Thursday, October 6, 2011

An international Sunday school lesson commentary
For Sunday October 9, 2011

(Quiet wisdom can prevail)
(Ecclesiastes 9:13-18)

In the biblical Greek, the word used for “Preacher” is “Ecclesiastes”, and in the biblical Hebrew, it is “Qoheleth” (Ko-heh-leth). Qoheleth is the name by which King Solomon identifies himself in the book of Ecclesiastes in his original writings. In this book, Solomon attempts to display the dark philosophy of a person who looked for peace, apart from GOD, and of course, in the end, realizes how futile that is.
This books pessimistic tone may seem somewhat out of place in the bible, which is, for the most part, a book of vibrant hope and inspiration for all who choose to seek GOD’s directions in life. However, here Solomon is trying to teach us a valuable lesson by showing us how unproductive it is to search for life’s answers through the senses, or, through the material world, rather than through seeking wisdom from GOD.
Solomon loved wisdom and he seemed to embrace it closer than anything else in his life, most of the time. He wholeheartedly believed in the precious value of incorporating GOD’s wisdom in all of life’s situations, and he lent very little credence to relying on “human wisdom” to solve the problems he faced during his reign as king.
Ecclesiastes 9:1-11:6 is characterized by the repeating of the phrases “no man knows” and “you do not know”, as this section deals with man’s inability to predict what will happen in life, be it good or bad. However, probably the key phrase to consider in the book of Ecclesiastes is the one “under the sun”, which is used 29 times in this book. Whenever we see this phrase, it describes how Solomon was looking at life from a human, rather than a heavenly, perspective, and we all know, life from a human perspective can often look bleak, hopeless, and meaningless.
When we choose to go our own way, we automatically move farther and farther away from GOD, and, in the end, the separation has become so wide, that GOD has been reduced to this obscure figure in our lives whom we once knew, and, of which then, we will seek only to avoid. The farther Solomon got away from GOD, the emptier, and more meaningless his life became. He began to see no advantage to following GOD, because the same experiences and fates befell people, regardless of their spiritual perspective. He lost sight of the truth that when good things happen to righteous people, they bless GOD and the people around them, but when good things happen to unbelievers, it only serves as a test to those observing believers whose faith in GOD is not where it should be. Whenever Christians envy worldly people, it is a sign that their hearts are not fixed on GOD as it should be, and they are not sold on the truth that GOD is in control.
In Ecclesiastes 9:13-18, Solomon relates the story of a small town whose citizens faced the threat of being overtaken by a powerful king, and it is in his darkened human perspective that he recalls this incident. There was a poor, but wise man who dwelt among the citizenry of that town that knew of a way to save it from certain doom. Solomon doesn’t say exactly how the man managed to rescue the town, however, one can only surmise that it was through some sort of cleaver negotiations since, apparently, no shots were fired. We are told, also, that the poor man was soon forgotten, because of his insignificant social status in the town, and, that he lived out the remainder of his life in obscurity despite his valuable contribution to their survival.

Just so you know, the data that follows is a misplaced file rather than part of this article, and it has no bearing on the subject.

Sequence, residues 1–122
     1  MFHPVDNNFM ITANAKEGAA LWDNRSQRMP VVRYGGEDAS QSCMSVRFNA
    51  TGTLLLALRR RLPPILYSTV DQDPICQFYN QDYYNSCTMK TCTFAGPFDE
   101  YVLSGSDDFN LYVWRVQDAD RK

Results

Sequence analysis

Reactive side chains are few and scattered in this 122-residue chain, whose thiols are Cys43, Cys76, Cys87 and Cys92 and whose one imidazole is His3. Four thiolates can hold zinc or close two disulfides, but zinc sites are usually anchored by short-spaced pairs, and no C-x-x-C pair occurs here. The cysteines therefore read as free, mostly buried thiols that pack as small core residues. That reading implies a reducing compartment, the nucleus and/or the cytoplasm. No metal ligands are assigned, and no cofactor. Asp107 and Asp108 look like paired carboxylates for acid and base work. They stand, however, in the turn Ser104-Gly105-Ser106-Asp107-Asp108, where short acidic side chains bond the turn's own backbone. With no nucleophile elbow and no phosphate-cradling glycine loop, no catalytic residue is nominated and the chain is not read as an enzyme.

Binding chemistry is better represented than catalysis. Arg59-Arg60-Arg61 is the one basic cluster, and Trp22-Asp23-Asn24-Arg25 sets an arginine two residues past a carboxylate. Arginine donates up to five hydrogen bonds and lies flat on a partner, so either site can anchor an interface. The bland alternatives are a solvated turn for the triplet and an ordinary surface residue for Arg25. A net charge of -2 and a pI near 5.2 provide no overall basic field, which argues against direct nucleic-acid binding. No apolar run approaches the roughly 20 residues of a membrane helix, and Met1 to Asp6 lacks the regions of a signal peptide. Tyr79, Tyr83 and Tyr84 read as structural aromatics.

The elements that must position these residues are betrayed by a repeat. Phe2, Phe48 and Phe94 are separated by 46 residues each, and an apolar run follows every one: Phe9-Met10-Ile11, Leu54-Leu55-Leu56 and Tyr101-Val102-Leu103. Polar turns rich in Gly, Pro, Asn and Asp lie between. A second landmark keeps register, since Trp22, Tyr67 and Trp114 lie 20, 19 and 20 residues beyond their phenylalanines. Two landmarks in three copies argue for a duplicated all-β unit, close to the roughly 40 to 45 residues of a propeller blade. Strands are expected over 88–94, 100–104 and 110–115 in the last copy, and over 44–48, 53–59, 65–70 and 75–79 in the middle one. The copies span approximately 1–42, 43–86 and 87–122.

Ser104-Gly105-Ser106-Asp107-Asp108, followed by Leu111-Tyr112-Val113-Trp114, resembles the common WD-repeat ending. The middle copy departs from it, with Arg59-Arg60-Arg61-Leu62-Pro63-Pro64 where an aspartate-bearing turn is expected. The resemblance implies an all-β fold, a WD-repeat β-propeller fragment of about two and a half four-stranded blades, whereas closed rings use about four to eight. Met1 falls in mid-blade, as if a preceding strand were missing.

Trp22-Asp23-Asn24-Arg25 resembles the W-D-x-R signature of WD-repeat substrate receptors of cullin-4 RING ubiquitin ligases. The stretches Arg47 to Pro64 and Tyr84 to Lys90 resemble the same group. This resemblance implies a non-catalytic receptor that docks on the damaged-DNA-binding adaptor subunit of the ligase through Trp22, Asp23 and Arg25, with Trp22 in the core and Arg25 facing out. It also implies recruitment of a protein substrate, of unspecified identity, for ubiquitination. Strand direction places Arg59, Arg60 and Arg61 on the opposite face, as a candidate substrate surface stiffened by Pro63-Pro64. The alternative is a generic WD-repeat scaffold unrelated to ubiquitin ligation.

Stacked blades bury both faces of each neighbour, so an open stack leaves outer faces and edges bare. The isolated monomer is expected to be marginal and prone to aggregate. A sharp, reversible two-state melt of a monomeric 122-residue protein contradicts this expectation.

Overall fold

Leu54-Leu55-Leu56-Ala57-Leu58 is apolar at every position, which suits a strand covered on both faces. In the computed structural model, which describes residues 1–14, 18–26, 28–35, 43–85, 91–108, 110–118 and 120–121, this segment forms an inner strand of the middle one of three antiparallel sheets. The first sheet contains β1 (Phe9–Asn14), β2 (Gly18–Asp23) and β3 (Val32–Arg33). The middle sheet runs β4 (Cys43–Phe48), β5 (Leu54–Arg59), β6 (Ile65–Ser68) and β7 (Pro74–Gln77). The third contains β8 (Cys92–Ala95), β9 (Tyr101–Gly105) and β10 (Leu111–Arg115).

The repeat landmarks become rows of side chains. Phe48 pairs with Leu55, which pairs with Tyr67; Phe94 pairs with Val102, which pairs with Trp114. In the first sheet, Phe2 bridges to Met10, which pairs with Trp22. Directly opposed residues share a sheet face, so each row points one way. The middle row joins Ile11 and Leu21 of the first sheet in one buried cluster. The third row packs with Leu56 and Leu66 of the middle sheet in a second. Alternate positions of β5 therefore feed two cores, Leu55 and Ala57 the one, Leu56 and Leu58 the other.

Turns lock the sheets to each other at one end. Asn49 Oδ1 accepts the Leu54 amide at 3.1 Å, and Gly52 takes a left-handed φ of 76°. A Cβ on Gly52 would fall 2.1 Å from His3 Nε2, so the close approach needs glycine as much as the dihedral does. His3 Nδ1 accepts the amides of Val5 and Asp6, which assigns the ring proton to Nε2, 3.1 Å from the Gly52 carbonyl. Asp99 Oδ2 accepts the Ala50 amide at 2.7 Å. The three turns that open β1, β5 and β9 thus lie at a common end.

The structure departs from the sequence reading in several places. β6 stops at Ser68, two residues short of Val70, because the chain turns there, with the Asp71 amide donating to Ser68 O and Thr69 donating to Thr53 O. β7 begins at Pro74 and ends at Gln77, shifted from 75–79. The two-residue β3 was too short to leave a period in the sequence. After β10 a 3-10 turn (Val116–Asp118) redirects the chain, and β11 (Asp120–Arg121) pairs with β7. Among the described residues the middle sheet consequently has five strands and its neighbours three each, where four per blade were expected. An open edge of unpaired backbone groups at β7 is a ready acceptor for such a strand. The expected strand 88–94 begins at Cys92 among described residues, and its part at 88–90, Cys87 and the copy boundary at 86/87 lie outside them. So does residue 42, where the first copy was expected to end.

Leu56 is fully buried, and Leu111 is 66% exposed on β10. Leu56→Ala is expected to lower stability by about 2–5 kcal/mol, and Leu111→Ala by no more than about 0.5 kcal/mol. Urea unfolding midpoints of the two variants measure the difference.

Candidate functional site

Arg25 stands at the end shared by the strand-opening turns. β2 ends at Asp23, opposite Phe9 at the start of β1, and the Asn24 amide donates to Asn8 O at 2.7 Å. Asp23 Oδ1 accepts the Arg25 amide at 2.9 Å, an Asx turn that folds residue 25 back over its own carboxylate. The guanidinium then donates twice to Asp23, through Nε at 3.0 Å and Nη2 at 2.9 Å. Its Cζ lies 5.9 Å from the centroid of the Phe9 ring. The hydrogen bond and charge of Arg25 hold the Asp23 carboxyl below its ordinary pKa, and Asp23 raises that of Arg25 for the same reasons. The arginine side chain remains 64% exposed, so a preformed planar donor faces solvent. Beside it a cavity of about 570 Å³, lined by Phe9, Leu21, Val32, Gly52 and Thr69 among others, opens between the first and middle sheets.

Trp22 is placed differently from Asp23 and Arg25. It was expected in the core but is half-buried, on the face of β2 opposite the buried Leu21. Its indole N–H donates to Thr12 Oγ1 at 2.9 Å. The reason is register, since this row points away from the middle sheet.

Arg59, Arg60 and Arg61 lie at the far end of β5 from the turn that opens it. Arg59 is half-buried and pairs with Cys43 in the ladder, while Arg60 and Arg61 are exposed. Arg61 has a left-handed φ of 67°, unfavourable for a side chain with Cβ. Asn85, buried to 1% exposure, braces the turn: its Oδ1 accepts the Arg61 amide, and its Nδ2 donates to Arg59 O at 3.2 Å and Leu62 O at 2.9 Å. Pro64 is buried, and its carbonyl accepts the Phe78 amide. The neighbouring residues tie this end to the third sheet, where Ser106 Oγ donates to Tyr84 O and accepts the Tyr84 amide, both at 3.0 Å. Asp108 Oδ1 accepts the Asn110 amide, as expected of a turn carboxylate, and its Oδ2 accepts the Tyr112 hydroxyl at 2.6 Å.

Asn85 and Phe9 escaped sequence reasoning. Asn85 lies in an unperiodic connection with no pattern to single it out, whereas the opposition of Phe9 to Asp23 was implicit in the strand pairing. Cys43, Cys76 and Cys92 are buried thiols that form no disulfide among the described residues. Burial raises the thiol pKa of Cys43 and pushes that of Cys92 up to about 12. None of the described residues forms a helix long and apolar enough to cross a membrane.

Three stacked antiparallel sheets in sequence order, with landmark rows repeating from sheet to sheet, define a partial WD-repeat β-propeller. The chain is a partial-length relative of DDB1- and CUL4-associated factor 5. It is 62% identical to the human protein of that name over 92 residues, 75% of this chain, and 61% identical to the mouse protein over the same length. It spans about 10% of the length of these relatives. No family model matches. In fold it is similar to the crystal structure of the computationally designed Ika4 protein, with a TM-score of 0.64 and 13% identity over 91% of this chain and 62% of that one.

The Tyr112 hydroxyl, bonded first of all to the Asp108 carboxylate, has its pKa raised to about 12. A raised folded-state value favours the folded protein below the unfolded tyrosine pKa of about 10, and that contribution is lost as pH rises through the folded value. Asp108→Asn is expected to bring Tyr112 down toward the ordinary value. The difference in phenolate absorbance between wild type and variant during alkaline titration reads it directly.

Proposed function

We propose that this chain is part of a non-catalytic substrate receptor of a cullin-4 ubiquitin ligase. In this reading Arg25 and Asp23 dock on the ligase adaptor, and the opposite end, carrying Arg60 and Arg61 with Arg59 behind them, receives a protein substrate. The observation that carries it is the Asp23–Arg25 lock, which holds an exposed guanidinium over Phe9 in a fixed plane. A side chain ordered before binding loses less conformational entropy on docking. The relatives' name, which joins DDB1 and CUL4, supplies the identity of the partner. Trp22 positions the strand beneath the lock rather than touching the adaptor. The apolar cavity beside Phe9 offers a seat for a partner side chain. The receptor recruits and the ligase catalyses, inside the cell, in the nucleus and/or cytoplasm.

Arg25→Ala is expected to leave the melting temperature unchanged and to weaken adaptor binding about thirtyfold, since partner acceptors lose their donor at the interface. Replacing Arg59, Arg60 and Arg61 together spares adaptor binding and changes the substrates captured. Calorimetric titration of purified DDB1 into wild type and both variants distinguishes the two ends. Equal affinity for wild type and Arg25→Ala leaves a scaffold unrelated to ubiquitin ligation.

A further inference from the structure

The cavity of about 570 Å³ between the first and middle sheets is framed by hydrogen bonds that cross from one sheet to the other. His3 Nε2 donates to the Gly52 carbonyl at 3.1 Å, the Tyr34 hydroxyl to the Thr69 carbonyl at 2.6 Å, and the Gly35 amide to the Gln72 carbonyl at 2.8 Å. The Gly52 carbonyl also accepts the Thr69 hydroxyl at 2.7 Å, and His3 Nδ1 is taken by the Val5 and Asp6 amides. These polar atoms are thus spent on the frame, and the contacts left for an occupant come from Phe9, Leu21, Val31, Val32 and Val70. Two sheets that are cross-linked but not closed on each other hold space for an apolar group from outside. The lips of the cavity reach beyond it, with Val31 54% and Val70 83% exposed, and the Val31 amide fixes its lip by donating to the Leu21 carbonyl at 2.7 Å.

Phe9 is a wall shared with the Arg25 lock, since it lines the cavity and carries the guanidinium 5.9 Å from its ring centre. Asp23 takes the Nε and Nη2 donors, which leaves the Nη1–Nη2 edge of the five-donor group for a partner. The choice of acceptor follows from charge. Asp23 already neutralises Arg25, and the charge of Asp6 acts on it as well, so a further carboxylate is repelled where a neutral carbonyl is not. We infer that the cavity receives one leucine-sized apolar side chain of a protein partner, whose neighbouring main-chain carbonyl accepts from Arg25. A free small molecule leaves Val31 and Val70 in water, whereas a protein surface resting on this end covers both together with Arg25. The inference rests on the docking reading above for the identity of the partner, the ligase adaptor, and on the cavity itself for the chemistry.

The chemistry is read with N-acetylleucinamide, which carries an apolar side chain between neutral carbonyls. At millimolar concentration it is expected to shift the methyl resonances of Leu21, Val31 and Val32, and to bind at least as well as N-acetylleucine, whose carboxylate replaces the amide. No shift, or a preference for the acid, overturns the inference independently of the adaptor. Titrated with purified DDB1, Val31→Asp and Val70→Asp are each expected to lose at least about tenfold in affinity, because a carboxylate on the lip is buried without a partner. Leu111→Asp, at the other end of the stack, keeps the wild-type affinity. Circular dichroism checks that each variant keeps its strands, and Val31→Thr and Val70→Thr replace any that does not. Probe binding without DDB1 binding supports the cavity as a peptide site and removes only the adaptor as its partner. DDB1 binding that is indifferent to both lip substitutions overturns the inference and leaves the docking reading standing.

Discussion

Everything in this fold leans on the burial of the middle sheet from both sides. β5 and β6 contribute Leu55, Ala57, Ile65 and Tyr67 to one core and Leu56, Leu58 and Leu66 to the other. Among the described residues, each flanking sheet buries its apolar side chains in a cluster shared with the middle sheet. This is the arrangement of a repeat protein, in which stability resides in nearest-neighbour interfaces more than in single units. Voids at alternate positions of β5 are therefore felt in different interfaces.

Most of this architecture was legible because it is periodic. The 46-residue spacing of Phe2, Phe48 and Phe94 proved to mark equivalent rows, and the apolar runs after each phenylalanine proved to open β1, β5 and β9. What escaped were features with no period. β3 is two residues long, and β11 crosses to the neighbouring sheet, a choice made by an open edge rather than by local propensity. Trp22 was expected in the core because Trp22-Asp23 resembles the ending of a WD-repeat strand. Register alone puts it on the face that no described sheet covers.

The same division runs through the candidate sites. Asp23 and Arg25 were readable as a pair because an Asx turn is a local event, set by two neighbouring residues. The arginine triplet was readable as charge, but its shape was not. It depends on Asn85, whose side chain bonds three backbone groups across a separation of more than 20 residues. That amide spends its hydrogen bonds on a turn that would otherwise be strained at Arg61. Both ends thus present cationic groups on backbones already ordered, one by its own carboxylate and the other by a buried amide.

Solomon was highly impressed by this incident and he seemed to draw very strong conclusions from it. He says he learned from it, that, even though wisdom is better than physical strength, those who are wise may be despised if they are poor, and what they say, won’t be appreciated for long. Even so, the quiet words of a wise person are better than the shouts of a foolish king. A wise person can overcome strong weapons of war, but one foolish sinner can destroy a multitude of good things (Vs. 16-18).
And so, Solomon concedes in the end that GODly wisdom is greater than physical strength, but he still seems irritated by the fact that no one else seems to notice. However, even when doing the right thing seems to go unnoticed by man, or does not result in personal victory or recognition, what’s important is that GOD is taking note, and we need to always try to do the right thing every single time anyway. Doing the right thing will never go unnoticed by GOD, no matter how stupid the world may make you feel for doing it. After all, we have to keep in mind that “it is the world” and all of scripture tells us, that, the world belongs to satan, and is thereby, anti-CHRIST. At some point, we have to stop expecting good things from a world that insists on being apart from GOD. “Only GOD is good”- JESUS CHRIST (Mark 10:18).

A Sunday school lesson by,
Larry D. Alexander


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